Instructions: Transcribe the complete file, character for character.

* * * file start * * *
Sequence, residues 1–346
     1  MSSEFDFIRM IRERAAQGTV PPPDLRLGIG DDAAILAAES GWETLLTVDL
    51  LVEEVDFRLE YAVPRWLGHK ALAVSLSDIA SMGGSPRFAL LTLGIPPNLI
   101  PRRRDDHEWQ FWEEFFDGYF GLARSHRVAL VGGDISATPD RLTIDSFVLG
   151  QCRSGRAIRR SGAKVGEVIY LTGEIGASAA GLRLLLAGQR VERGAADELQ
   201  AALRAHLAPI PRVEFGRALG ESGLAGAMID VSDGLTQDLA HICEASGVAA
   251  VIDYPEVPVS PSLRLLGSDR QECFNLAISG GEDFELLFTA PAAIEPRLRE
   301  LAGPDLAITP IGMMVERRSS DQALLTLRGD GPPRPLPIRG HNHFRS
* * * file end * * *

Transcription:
Sequence, residues 1–346
     1  MSSEFDFIRM IRERAAQGTV PPPDLRLGIG DDAAILAAES GWETLLTVDL
    51  LVEEVDFRLE YAVPRWLGHK ALAVSLSDIA SMGGSPRFAL LTLGIPPNLI
   101  PRRRDDHEWQ FWEEFFDGYF GLARSHRVAL VGGDISATPD RLTIDSFVLG
   151  QCRSGRAIRR SGAKVGEVIY LTGEIGASAA GLRLLLAGQR VERGAADELQ
   201  AALRAHLAPI PRVEFGRALG ESGLAGAMID VSDGLTQDLA HICEASGVAA
   251  VIDYPEVPVS PSLRLLGSDR QECFNLAISG GEDFELLFTA PAAIEPRLRE
   301  LAGPDLAITP IGMMVERRSS DQALLTLRGD GPPRPLPIRG HNHFRS